The EL spectra of the devices of Examples 10-13 are shown in FIG. 8. In that Figure, the arrows and numerals again indicate the spectra associated with the respective Examples. The greatest effect of the red dopant TPDBP is to replace the yellow emission of the yellow dopant rubrene, which peaks at approximately 560 nm, by the reddish emission of the red dopant TPDBP, which peaks at approximately 610 nm and has substantial intensity at yet longer wavelengths. A lesser effect is to reduce the intensity of the blue emission of TBP, which peaks at approximately 470 nm. The improved performance with a red filter is believed to be a consequence of the increased red component in the unfiltered spectrum.

TABLE IIIa
Composition and performance parameters
of the OLEDs of Examples 10-13
Columns have the same significance as in
Table Ia, except that the red dopant was TPDBP
Vdrive Yield
Example % TPDBP (V) (cd/A) CIEx, CIEy
10 0 7.3 4.8 0.30, 0.37
11 0.25 7.7 4.1 0.36, 0.33
12 0.5 7.9 3.6 0.37, 0.32
13 0.75 8.1 3.3 0.38, 0.32

TABLE IIIb
Photometric properties of the OLEDs of Examples 10-13
measured through R37 red, G37 green, and B37 blue filter
Red Green Blue
Example Yield (cd/A) CIEx, CIEy Yield (cd/A) CIEx, CIEy Yield (cd/A) CIEx, CIEy
10 0.9 0.57, 0.35 3.3 0.30, 0.55 0.9 0.13, 0.18
11 1.6 0.62, 0.34 2.3 0.32, 0.51 0.8 0.13, 0.17
12 1.4 0.63, 0.33 1.9 0.32, 0.50 0.7 0.13, 0.17
13 1.3 0.63, 0.33 1.7 0.32, 0.50 0.6 0.13, 0.17

Examples 14-17

The OLEDs of Examples 15 to 17 had the structure shown in FIG. 4 and were prepared similarly to the devices of Examples 5 to 9. The hole-transporting layer included a 130 nm thick sublayer of undoped NPB (441) and a 20 nm thick sublayer (442) of NPB codoped with 3% of DBzR as a yellow dopant and various percentages of TPDBP as a red dopant. The blue light-emitting layer (450) was a 20 nm thick layer of TBADN as host doped with 2% BDTAPVB as a blue dopant. The electron-transporting layer (460) was 35 nm of Alq. The OLED of Comparative Example 14 was similar, except that sublayer 442 contained no TPDBP. With respect to the substrate (410), anode (420), hole-injection layer (430), and cathode (470), the OLEDs of Examples 14-17 were the same as for the OLED of Comparative Example 1.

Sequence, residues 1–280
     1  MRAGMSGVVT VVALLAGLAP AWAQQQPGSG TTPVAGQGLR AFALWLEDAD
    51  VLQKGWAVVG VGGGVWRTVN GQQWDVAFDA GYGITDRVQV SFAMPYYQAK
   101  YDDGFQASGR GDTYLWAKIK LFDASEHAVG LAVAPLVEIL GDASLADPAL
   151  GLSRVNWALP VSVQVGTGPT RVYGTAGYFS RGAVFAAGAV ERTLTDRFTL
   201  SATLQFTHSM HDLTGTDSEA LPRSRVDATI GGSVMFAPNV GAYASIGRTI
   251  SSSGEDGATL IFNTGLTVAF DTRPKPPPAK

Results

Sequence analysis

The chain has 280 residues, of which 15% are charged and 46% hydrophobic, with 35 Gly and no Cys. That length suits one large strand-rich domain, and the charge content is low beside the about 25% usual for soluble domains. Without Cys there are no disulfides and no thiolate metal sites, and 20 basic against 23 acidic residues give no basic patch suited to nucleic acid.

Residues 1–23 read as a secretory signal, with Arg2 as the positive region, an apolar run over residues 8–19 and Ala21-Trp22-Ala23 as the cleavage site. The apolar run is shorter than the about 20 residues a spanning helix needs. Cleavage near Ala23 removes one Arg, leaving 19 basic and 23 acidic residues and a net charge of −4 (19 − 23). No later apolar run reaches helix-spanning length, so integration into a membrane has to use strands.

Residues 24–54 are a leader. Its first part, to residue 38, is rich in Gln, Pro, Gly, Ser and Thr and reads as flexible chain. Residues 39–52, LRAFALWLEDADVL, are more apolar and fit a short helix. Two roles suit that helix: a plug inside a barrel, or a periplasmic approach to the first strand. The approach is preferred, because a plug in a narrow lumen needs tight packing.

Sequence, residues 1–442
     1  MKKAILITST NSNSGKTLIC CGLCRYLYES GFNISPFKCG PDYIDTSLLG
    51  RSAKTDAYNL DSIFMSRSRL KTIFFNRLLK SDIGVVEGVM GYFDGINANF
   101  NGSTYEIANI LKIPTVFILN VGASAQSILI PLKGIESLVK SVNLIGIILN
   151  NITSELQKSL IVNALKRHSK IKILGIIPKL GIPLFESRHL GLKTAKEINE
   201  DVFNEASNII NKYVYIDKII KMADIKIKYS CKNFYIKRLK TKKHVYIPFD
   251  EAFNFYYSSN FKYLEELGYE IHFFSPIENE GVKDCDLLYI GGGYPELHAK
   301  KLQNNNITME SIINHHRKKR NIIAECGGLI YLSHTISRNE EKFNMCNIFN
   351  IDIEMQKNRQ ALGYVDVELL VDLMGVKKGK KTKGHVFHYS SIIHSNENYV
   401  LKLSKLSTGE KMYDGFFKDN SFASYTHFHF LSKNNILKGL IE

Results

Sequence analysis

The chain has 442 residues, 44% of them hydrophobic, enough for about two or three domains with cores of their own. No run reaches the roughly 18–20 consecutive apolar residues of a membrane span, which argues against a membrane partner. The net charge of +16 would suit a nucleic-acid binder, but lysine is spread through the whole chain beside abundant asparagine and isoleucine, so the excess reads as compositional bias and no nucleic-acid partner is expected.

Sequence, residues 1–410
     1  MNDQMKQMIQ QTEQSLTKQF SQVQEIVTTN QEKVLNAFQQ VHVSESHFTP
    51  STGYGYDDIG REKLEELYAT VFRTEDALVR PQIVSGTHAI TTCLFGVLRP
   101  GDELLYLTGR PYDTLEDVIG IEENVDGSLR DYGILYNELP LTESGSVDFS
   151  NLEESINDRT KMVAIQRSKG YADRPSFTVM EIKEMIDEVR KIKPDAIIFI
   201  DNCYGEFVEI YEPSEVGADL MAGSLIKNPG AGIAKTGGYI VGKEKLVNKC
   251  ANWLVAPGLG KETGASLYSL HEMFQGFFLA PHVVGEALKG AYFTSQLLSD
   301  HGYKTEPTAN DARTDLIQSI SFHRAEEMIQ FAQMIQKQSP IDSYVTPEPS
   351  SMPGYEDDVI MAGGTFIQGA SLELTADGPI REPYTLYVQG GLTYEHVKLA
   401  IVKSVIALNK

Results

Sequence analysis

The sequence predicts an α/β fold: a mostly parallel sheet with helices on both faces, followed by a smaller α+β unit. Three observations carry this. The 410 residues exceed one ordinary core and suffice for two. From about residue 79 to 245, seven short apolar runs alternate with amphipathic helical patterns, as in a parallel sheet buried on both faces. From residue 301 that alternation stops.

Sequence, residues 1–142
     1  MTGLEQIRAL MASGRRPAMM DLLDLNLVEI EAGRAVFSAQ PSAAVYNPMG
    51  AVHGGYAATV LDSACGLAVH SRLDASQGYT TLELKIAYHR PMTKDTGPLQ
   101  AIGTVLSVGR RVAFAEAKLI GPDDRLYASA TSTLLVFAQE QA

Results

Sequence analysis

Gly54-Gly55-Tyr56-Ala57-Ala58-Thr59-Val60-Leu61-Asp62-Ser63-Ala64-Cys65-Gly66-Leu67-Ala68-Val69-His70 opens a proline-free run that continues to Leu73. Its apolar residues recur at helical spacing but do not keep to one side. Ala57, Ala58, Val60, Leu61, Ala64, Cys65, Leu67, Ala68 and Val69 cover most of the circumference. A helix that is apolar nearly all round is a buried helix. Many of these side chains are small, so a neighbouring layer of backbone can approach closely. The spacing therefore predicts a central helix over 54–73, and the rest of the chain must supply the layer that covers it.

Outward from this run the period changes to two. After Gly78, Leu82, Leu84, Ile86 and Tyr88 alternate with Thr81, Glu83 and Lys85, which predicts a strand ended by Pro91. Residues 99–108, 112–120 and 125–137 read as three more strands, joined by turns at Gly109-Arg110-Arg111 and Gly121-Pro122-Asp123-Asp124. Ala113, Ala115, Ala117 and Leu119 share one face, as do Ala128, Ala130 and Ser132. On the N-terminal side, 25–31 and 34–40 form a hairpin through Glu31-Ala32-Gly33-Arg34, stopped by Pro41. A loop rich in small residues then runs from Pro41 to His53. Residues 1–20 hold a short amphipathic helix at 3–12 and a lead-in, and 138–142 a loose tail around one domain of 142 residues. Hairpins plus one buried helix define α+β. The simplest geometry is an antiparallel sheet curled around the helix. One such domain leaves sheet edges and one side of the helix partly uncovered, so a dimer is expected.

Tables IVa and IVb indicate the percentages of TPDBP and the performance of these devices at 20 mA/cm2. Included is the power consumption of the simulated display panel operated at the D60 white point. Again, the luminous yield without a filter was somewhat decreased by the presence of the TPDBP dopant. The drive voltage decreased by a modest amount. The luminous yield with the green and blue filters also decreased, and the CIE coordinates changed somewhat. However, and most importantly, the luminous yield with the red filter increased significantly, and the color with the red filter shifted towards a more saturated red. These examples illustrate that the use of a codoped hole-transporting sublayer according to the present invention has the advantages of increased efficiency with a red filter and a more saturated red color for the red pixels of a multicolor display. Moreover, in the case of Example 15, the predicted power consumption at the D60 white point decreased significantly relative to that for Comparative Example 14. This example illustrates that, by adjusting the composition of the codoped layer within the scope of the present invention, it is possible to achieve a decreased power consumption when a multicolor display is displaying a white color.